Italy’s snub of Giovinco about ignorance, not MLS

The Italian national football team's manager Giampiero Ventura's recent comments on the snubbing of Sebastian Giovinco and the MLS has drawn the ire of many in North America, with some calling it an ignorant perspective.

TORONTO – It never fails.

Whenever one of Major League Soccer’s big international stars is overlooked by his respective national team, those who cover the league, both in the mainstream media and in the blogosphere, circle the wagons.

Foreign managers have never been too shy about downplaying the quality and competitiveness of MLS, citing that as the reason why they won’t call up a player for international duty. When they do, reporters and writers, not to mention MLS fans, lose their minds with rage.

The latest chorus of righteous indignation was sung this week when Italy coach Giampiero Ventura didn’t select Toronto FC forward Sebastian Giovinco for the Azzurri’s upcoming World Cup qualifier against Liechtenstein.

Not only did Ventura snub Giovinco, but he explained, in no uncertain and brutally frank terms, that the reason why he did didn’t pick the “Atomic Ant” is because he makes his living in MLS.

“I have done everything to help him but the reality is that he plays in a league that doesn’t matter much,” Ventura stated.

“And the number of goals he scores is less important because with the quality he has got, he is bound to make a difference in that league. The problem is that if you play in that type of league, and you get used to playing in that type of league, it becomes a problem of mentality.”

Ventura isn’t the first Italian manager to adopt this anti-MLS philosophy. His predecessor Antonio Conte, now at Chelsea, said he would not consider picking Giovinco or Andrea Pirlo for Italy’s Euro 2016 squad because they played in MLS. “We evaluated [Pirlo] and Giovinco,” Conte said. “It’s normal that if you choose to go and play there then you can pay the consequences in footballing terms.”

Ventura’s recent rebuke sparked fury in MLS circles, including from Giovinco’s agent.

“I was surprised by Ventura’s words,” Andrea D’Amico told “I believe that without knowledge you can’t have competence. The national team manager and his staff have the obligation to go and watch all Italian players, no matter which league they play and which country they find themselves.”

D’Amico has a valid point. Ventura’s snub of Giovinco because he plays in MLS is as arrogant as it is shortsighted— particularly because the Italian manager, by all accounts, doesn’t even follow the league.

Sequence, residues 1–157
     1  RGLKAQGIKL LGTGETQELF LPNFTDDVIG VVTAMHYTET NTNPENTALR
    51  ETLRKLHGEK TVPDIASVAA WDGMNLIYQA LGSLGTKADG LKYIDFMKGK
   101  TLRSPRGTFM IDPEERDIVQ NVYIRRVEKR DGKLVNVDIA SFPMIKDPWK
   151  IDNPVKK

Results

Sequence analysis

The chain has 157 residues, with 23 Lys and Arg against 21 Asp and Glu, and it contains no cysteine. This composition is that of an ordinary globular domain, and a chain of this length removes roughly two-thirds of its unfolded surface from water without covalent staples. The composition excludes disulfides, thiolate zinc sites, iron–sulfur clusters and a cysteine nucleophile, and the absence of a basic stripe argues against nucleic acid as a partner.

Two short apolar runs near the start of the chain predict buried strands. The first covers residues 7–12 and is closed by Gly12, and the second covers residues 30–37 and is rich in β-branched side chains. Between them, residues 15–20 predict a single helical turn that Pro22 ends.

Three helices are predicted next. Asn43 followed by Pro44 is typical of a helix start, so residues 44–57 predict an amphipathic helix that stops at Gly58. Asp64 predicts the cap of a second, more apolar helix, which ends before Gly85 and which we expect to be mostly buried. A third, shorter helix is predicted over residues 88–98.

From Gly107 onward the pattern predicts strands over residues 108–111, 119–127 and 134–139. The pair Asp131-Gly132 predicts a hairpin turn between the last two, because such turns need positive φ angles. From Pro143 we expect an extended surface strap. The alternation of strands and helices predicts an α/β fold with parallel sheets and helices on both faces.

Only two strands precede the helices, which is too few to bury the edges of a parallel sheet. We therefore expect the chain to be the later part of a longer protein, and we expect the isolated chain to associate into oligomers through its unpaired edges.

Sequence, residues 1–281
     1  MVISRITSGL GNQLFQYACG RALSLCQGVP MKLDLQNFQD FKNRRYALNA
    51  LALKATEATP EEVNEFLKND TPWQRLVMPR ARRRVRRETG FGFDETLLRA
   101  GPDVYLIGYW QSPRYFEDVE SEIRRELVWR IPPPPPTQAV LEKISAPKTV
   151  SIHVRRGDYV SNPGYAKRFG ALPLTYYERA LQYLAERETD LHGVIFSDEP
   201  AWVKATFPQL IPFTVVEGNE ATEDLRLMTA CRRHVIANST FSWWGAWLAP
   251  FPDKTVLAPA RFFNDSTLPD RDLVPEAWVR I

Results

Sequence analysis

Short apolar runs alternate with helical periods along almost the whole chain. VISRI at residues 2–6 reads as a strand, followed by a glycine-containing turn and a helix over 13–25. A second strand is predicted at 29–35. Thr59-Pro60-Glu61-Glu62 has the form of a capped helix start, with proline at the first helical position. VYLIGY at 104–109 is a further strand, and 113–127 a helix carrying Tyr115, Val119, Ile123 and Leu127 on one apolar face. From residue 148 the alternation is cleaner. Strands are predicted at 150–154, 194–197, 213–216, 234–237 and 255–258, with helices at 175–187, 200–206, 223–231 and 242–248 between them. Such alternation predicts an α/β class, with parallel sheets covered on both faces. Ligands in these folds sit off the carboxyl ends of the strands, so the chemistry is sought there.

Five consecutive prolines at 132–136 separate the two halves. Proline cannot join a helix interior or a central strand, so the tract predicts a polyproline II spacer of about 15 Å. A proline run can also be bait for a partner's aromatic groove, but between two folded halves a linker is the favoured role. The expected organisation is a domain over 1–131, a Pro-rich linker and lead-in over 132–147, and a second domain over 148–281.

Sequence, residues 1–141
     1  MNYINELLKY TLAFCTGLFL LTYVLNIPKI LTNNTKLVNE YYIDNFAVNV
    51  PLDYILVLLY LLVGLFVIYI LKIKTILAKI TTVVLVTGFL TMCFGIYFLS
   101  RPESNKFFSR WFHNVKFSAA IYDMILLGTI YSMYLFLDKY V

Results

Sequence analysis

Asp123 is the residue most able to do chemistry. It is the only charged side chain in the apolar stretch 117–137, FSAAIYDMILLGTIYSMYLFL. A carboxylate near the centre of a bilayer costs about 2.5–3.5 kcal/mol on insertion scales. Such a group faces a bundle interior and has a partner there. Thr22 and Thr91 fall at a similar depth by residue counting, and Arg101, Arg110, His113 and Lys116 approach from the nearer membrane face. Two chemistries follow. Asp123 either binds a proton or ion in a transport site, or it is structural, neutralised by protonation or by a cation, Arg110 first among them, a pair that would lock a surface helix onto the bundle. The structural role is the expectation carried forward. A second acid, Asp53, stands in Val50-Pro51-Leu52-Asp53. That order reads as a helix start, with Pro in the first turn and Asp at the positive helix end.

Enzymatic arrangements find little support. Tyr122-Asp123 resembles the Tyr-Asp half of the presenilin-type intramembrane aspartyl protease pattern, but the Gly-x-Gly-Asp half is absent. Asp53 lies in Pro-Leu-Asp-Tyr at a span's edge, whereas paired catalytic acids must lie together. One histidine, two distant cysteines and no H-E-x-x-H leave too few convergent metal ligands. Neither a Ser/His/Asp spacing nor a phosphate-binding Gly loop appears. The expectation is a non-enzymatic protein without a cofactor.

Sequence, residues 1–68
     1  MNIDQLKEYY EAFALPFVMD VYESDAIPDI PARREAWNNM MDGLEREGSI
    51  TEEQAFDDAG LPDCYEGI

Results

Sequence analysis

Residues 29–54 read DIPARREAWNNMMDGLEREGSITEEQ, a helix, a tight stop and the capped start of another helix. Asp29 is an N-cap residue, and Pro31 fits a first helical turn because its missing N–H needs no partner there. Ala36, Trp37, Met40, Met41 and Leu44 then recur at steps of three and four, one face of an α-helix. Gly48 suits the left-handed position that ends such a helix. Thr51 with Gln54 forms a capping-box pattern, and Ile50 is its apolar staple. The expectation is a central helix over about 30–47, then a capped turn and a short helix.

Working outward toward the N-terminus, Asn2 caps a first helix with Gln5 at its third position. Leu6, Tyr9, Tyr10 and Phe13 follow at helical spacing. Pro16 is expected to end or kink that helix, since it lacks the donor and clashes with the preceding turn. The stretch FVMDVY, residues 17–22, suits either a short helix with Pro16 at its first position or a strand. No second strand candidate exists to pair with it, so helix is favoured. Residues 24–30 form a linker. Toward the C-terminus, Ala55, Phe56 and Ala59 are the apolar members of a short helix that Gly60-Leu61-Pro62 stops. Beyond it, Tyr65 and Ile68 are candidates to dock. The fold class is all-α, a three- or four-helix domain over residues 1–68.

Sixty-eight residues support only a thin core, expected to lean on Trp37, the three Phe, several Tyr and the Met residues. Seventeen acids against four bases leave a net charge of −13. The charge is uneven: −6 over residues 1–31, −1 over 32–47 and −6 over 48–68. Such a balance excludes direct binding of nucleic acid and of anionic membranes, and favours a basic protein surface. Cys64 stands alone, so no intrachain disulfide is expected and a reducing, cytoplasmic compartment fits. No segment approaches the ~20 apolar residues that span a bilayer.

Ignorance is bliss, as they say, but the fact Ventura would automatically discount Giovinco speaks much more to his shortcomings as a manager than any perceived shortcomings in MLS.

Still, that didn’t stop a flood of indignant articles being written about Ventura not picking Giovinco this week, including one published on the league’s website. After Wednesday’s team practice, a good portion of the media scrums were spent asking Toronto coach Greg Vanney and players for their reaction to the Italian manager’s comments.

Every time some international manager mouths off about the quality of MLS, it’s the same thing. We pout and stamp our feet in the school playground when something doesn’t go our way before running off to tell the teacher on the other kid.

Honestly, it’s enough, already. We need to get over our hurt feelings and stop putting so much stock in the opinion of people who don’t even know MLS, and, in Ventura’s case, are blithely ignorant about the league. His opinion on the relative competitiveness of MLS has absolutely no value, no merit whatsoever. So, what does it matter what he thinks? By responding, we only ascribe a relevance to his views that they clearly don’t deserve.

Toronto FC Michael Bradley said it best prior to last season’s playoff showdown against the Montreal Impact. One reporter noted that the upcoming fixture would feature Bradley, Sebastian Giovinco, Jozy Altidore and Didier Drogba all on the pitch at the same time. He went on to ask Bradley, who debuted in MLS in 2005 as a teenager before heading off to play in Europe, how far he thought the league has come in light of this unprecedented star power.

Bradley’s response?

“There’s no doubt the league has made great strides. [But] I also think we’re at the point where we don’t always need to be talking about the great strides that the league has made,” Bradley thoughtfully opined.

In other words, MLS is a quality league—when we start taking it seriously, others will, too. In publicly reminding ourselves about it, we only undermine MLS, and invite doubt.

Simply put, we don’t need validation from outsiders such as the current Italian national team manager. Only those who know MLS and play in it are in a position to legitimately evaluate the league.

Ventura is choosing to be willfully ignorant. That’s his right, but we don’t have to indulge him. If he wants to continue to ignore Giovinco, that’s his—and Italy’s—loss.


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